Private organizations whose aim is to elect individuals who share common beliefs to public office.
The internal decisions made by political parties, which are private associations, have largely been left alone by federal and state governments. Political parties are, however, in some ways regulated by the federal and state governments, and it is with regard to these regulations that the Supreme Court has made some rulings. The Court deemed much of the regulation of parties to be a political question and, therefore, out of the Court’s jurisdiction. For example, the Court never ruled on the constitutionality of a primary election for selecting delegates to a national party convention. That is an act of a private association and as such is not subject to court supervision. In the case of political parties, it is as important to recognize what the Court has not done.
However, the Court has made some rulings that have either involved or affected the ways in which parties operate. It ruled on ballot access, which regards the placement of a name or political party on the official ballot printed by a state for a general election. Williams v. Rhodes
The Court ruled that states must allow other parties a reasonable means to get on the ballot because to do otherwise violates the equal protection clause of the Fourteenth Amendment. Justice Hugo L. Black, recognizing that most regulation of political parties is a political question, asserted that ballot access is a “justiciable controversy under the Constitution and cannot be relegated to the political arena.” Black argued in part from the First Amendment freedom of assembly. In the majority opinion, he stated that “the right to form a party means little if a party can be kept off the election ballot and thus denied an equal opportunity to win votes.” The Court did not rule in this case that all parties must be given ballot access. The state has a compelling interest in reasonably limiting ballot access so that the ballot is not confusing to voters. Therefore, states can enact a threshold for ballot access.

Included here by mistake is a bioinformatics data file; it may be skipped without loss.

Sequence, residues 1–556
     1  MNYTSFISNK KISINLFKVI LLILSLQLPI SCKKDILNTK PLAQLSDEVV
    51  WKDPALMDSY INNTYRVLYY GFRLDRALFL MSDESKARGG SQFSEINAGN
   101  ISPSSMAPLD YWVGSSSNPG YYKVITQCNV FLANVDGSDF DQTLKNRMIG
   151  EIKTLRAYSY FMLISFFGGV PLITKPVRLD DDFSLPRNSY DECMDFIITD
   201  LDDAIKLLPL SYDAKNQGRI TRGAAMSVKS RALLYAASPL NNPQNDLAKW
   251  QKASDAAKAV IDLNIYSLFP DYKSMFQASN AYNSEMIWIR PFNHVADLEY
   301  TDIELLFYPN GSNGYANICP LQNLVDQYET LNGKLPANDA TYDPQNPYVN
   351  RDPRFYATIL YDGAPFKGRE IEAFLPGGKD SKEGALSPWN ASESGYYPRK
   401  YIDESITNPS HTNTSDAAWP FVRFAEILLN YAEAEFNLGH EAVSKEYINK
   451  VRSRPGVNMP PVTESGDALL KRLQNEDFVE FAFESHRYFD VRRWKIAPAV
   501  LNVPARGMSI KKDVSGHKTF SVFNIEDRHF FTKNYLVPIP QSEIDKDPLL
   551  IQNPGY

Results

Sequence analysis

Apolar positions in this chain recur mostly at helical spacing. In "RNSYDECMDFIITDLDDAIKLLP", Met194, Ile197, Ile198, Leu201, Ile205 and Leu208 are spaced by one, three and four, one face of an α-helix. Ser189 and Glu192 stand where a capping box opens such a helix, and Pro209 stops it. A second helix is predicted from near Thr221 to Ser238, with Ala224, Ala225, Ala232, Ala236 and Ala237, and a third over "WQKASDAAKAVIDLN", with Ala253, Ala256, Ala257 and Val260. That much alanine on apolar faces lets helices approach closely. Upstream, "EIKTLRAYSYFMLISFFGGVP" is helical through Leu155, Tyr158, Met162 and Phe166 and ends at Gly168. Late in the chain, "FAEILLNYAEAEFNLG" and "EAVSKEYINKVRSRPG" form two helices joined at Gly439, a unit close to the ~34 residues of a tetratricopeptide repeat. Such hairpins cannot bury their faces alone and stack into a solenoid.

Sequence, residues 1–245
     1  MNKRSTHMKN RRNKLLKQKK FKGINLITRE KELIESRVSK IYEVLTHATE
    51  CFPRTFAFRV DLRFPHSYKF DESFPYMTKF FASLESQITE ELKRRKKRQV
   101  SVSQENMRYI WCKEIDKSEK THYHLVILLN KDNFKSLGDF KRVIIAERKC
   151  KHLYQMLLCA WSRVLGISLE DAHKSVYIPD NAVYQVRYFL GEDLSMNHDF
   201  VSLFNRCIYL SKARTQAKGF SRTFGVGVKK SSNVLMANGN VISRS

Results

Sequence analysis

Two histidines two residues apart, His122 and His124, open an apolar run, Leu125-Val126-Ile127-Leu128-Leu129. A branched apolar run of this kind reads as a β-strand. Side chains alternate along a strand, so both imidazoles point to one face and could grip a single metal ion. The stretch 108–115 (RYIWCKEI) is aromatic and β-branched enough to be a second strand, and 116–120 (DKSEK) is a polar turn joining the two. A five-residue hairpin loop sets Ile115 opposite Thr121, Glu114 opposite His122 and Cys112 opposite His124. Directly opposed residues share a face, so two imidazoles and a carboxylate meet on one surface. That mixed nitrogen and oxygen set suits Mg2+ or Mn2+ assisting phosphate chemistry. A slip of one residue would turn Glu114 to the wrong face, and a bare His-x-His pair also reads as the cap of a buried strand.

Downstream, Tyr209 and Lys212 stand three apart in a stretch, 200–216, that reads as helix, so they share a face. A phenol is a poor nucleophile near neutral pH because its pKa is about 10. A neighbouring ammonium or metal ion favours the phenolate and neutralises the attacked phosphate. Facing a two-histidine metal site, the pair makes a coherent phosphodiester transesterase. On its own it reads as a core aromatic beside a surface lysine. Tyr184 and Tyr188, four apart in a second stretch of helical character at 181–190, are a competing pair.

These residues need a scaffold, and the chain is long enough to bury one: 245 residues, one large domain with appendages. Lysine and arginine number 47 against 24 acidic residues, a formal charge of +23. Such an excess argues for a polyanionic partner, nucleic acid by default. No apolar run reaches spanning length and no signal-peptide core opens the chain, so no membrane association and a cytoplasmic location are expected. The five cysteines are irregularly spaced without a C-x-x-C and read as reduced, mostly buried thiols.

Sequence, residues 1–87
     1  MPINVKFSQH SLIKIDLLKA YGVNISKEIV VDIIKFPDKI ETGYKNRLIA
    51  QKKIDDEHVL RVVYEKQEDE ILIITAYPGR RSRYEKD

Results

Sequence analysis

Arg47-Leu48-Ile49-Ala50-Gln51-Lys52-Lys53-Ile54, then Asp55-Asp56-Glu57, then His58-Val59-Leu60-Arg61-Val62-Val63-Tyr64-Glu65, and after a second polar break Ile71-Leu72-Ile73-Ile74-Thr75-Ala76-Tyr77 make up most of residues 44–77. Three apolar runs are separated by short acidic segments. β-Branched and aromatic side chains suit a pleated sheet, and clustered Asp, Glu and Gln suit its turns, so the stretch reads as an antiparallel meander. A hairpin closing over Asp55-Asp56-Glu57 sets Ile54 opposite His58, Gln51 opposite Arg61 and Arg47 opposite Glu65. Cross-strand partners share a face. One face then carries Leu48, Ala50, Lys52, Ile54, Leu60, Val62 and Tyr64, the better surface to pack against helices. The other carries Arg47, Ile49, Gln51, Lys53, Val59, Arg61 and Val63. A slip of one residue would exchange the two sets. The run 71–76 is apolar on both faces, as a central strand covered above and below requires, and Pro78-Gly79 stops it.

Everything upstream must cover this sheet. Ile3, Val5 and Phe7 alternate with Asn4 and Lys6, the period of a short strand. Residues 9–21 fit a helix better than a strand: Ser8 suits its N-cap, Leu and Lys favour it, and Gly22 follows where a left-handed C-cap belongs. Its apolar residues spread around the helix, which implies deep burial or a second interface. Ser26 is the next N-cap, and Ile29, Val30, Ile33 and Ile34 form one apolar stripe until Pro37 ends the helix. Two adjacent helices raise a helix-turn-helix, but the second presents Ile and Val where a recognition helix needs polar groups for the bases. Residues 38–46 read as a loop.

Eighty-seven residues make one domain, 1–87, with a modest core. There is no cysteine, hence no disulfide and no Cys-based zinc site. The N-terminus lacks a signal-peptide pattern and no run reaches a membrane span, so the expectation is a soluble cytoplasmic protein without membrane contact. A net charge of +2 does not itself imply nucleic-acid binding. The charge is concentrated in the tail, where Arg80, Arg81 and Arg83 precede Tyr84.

Although political parties do not have a right to be on the ballot, all political parties are permitted to exist. For example, it was never possible in the United States to outlaw the existence of the Communist
The Court ruled that states can dictate who can vote in the primary elections of the major parties. In Rosario v. Rockefeller
Another important way in which the Court affected the operation of political parties is in campaign finance regulation. The most important campaign spending case, Buckley v. Valeo
The Court addressed political party spending again in Colorado Republican Campaign Committee v. Federal Election Commission
Epstein, Leon D. Political Parties in the American Mold. Madison: University of Wisconsin Press, 1986. Green, John C., and Daniel Shea, eds. The State of the Parties: The Changing Role of Contemporary American Parties. 2d ed. Lanham, Md.: Rowman & Littlefield, 1996. Rosenston, Steven, Roy Behr, and Edward Lazarus. Third Parties in America. Princeton, N.J.: Princeton University Press, 1996.
Davis v. Bandemer
Equal protection clause
Financing political speech
Rutan v. Republican Party of Illinois